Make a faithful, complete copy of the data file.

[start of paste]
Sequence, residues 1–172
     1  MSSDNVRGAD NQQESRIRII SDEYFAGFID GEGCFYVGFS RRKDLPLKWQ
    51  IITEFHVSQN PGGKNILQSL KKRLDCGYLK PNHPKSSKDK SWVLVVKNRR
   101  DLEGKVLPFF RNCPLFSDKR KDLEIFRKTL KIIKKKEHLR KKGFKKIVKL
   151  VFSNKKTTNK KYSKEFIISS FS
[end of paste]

Sequence, residues 1–172
     1  MSSDNVRGAD NQQESRIRII SDEYFAGFID GEGCFYVGFS RRKDLPLKWQ
    51  IITEFHVSQN PGGKNILQSL KKRLDCGYLK PNHPKSSKDK SWVLVVKNRR
   101  DLEGKVLPFF RNCPLFSDKR KDLEIFRKTL KIIKKKEHLR KKGFKKIVKL
   151  VFSNKKTTNK KYSKEFIISS FS